The debate over school reopening orders continued this morning as Gov. Kim Reynolds indicated her previously stated benchmark that districts can use to request permission for online learning may be overruled by other situations.
The governor at her bi-weekly COVID press conference today said community context would be another factor taken into consideration when schools apply to move online — her administration believes state law requires at least 50% of classes to be held in person this fall. As stated on July 30, the state would consider two-week online learning increments to a district that requests it if their county’s positivity rate is more than 15% and absenteeism at 10% or higher, both for at least two weeks.
“Community context will be so important for schools to consider,” Reynolds said in the Maytag Auditorium of Iowa PBS, specifically citing a “contained” prison virus outbreak in Fort Dodge as a reason why local schools there should still prepare for in-person classes.
As of Thursday morning, there were 418 new COVID-19 cases in Iowa over the past 24 hours, moving the state total up to 47,137.
The state this week added an update to their Department of Public Health coronavirus website—it now includes a county-by-county 14-day average positivity rate for school districts, which comes after controversy surrounding several urban and suburban Iowa school districts who defied state law requirements for in-person classes this fall, opting instead for online learning.
Des Moines, Urbandale and Waukee School Districts, among some others, have voted or released statements to extend full remote learning without adhering to the Governor’s 14-day rolling positivity rate metrics.
Right now, there are about 7 counties on the state’s site that meet or exceed the 15%, 14-day positivity rate, but Reynolds at her press conference today said that number “doesn’t always give a complete picture for school districts.”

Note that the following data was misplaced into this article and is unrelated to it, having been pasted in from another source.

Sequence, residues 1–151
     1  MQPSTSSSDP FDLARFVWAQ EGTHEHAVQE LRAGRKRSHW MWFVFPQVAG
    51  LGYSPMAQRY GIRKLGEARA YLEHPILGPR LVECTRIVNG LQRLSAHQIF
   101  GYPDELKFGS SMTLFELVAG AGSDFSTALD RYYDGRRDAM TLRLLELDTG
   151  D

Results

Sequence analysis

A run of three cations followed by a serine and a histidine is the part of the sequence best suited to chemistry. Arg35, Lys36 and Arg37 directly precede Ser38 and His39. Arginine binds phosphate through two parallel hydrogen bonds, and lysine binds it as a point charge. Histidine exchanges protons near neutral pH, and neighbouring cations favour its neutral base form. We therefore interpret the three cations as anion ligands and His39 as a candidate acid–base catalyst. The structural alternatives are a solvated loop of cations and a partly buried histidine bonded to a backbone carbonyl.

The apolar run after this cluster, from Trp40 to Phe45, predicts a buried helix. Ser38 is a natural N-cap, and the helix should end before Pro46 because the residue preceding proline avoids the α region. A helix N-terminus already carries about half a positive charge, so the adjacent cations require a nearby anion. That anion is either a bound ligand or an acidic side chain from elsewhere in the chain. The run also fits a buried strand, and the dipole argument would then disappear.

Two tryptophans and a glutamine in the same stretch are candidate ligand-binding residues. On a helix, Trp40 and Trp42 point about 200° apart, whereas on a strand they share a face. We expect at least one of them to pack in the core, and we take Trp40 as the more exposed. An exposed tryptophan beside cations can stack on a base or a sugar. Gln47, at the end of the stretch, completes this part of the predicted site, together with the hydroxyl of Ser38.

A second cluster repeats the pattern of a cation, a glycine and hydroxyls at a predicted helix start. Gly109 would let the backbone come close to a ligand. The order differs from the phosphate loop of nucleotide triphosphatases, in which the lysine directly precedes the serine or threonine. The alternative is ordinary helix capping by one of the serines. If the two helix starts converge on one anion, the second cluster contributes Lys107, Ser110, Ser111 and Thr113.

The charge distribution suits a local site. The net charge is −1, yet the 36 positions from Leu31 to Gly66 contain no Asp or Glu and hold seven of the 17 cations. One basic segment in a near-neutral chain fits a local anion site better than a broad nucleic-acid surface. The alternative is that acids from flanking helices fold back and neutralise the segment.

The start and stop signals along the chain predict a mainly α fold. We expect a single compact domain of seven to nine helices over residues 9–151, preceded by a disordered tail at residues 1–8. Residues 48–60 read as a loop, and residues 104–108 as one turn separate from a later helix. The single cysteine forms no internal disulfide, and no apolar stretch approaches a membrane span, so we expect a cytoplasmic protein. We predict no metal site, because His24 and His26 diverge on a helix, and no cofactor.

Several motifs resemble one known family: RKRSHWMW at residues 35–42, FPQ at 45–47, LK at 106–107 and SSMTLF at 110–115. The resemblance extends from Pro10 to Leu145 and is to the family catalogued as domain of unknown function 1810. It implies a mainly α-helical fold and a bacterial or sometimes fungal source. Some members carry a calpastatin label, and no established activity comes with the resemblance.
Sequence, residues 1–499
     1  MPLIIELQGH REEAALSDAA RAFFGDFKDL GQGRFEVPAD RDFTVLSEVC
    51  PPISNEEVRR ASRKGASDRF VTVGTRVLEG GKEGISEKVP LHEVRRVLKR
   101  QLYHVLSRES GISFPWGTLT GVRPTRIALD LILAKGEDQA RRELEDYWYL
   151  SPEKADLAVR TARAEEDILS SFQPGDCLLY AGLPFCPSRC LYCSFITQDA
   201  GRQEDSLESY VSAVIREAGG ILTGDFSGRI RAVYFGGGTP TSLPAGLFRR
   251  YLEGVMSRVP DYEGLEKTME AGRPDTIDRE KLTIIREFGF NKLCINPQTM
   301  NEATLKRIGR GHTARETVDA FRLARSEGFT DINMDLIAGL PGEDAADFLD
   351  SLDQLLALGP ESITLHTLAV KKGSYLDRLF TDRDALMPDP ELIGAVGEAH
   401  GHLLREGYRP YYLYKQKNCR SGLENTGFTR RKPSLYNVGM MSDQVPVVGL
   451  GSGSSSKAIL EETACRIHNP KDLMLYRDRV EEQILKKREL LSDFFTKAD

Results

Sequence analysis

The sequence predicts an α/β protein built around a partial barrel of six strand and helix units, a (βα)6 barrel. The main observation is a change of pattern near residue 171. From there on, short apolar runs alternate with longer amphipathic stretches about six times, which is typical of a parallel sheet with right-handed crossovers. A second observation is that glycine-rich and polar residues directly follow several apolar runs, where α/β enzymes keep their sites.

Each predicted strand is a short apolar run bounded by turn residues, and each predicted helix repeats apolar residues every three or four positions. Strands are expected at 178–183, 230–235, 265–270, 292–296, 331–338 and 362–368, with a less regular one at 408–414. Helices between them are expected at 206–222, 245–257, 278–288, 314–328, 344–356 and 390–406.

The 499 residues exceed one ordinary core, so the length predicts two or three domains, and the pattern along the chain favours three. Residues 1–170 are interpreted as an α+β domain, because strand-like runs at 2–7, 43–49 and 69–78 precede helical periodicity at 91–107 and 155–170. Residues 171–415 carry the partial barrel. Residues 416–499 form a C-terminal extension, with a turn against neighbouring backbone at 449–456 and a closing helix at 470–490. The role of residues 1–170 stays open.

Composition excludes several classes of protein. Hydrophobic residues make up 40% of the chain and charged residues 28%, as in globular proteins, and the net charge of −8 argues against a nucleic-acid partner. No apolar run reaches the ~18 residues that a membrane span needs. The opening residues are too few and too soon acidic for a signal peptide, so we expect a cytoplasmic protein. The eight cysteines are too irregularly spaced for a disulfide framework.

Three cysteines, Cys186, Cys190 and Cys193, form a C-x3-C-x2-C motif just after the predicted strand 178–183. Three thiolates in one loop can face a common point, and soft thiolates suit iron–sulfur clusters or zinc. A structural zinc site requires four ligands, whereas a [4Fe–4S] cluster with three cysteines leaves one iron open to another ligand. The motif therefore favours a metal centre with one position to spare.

The governor used Webster County as an example—they have a 22% 14-day positivity rate, driven in large part by an outbreak at the Fort Dodge state prison. She said the county’s outbreak, therefore, is a “completely contained environment.”
“At the Fort Dodge prison, they’ve had 386 positive tests, 354 inmates, 32 staff out of a total of 768 positive tests in Webster county. And out of the 768, 424 have recovered in a population of 35,000,” she said, not elaborating on how staff, who would live in the nearby community, makes the outbreak “contained.” “So that’s why it’s going to be extremely important, as I said earlier, for schools to work closely with the department of public education and department of public health officials to get a good sense of the level of community spread impacting schools and where it’s coming from.”
Webster County should make “every effort to get those kids back to school,” she said.
When asked if the 14-day rolling positivity rate guidelines are subjective criteria, Reynolds acknowledged that community context will be considered a component to whether a school district can move from a classroom to temporarily online.
“That is a component. Absenteeism is a component of that too, much like the flu season,” she said. “The guidelines say, when they hit this metric and they have 10% absenteeism on individuals that are in the school building, then that would trigger the opportunity for a temporary waiver.”
Iowa medical director Dr. Caitlin Pedati followed up on the question, saying, “I want to emphasize that this is just a starting point.”
During Tuesday’s press conference, Pedati had noted how they took into consideration how small increases in cases could impact a threshold in smaller counties, specifically pointing to nursing home outbreaks.
“Looking at some of our communities that have smaller populations and trying to keep in mind how those percentages translate into numbers when there are smaller groups of people, smaller communities, as well as other things going on in a community. For example, other people who might be affected in other settings, like longterm cares or other congregate settings,” she said.
Thursday’s press conference also included testimony from Eldon Iowa’s Cardinal Community school district’s superintendent, an educator and a teacher, along with Reynolds again expressing pride over the Iowa COVID-19 positivity rates — the percentage of positive cases to tests conducted.
by Isabella Murray
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